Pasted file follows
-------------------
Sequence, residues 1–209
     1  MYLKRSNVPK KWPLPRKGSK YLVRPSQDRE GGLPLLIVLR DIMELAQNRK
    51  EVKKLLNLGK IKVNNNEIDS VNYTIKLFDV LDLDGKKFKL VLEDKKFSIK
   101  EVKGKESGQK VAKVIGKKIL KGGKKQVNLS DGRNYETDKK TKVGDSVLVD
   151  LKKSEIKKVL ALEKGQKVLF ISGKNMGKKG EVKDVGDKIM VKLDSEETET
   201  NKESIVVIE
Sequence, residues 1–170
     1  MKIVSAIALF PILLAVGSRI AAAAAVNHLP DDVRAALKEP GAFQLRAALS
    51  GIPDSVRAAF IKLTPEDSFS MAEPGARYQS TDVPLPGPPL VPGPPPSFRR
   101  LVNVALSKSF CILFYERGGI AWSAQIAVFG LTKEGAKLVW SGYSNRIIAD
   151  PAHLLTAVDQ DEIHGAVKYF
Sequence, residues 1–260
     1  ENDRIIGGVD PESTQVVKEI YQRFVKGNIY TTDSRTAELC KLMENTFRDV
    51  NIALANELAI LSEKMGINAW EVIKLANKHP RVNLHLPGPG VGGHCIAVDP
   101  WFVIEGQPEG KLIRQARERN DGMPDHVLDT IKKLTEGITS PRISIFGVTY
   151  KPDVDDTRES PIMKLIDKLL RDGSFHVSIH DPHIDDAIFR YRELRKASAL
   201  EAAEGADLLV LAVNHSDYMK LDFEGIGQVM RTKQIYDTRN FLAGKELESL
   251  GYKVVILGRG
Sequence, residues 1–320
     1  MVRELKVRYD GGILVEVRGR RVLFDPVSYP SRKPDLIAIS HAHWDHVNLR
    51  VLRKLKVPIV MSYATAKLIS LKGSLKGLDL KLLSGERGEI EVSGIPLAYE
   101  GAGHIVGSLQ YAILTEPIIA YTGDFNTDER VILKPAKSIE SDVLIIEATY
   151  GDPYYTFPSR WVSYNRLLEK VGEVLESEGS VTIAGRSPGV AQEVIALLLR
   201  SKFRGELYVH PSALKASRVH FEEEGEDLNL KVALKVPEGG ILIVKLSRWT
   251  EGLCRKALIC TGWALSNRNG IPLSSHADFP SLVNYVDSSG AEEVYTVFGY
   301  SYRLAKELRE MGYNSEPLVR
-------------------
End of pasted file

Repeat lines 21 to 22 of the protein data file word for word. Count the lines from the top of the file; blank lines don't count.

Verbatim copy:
    51  VLRKLKVPIV MSYATAKLIS LKGSLKGLDL KLLSGERGEI EVSGIPLAYE
   101  GAGHIVGSLQ YAILTEPIIA YTGDFNTDER VILKPAKSIE SDVLIIEATY